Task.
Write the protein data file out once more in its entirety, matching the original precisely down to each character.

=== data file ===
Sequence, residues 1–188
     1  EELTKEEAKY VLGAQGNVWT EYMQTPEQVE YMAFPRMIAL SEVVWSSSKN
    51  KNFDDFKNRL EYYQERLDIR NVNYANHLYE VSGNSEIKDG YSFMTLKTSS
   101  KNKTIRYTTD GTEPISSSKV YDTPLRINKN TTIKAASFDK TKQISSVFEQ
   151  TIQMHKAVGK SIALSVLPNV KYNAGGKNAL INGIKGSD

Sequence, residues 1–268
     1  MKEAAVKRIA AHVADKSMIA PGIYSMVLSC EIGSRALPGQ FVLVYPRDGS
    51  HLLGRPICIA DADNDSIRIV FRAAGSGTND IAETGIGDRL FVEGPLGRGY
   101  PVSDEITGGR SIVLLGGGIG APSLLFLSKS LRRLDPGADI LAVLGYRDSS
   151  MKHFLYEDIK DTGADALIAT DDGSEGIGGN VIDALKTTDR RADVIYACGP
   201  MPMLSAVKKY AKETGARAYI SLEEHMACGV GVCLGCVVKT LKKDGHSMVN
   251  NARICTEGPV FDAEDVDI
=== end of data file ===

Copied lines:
Sequence, residues 1–188
     1  EELTKEEAKY VLGAQGNVWT EYMQTPEQVE YMAFPRMIAL SEVVWSSSKN
    51  KNFDDFKNRL EYYQERLDIR NVNYANHLYE VSGNSEIKDG YSFMTLKTSS
   101  KNKTIRYTTD GTEPISSSKV YDTPLRINKN TTIKAASFDK TKQISSVFEQ
   151  TIQMHKAVGK SIALSVLPNV KYNAGGKNAL INGIKGSD

Sequence, residues 1–268
     1  MKEAAVKRIA AHVADKSMIA PGIYSMVLSC EIGSRALPGQ FVLVYPRDGS
    51  HLLGRPICIA DADNDSIRIV FRAAGSGTND IAETGIGDRL FVEGPLGRGY
   101  PVSDEITGGR SIVLLGGGIG APSLLFLSKS LRRLDPGADI LAVLGYRDSS
   151  MKHFLYEDIK DTGADALIAT DDGSEGIGGN VIDALKTTDR RADVIYACGP
   201  MPMLSAVKKY AKETGARAYI SLEEHMACGV GVCLGCVVKT LKKDGHSMVN
   251  NARICTEGPV FDAEDVDI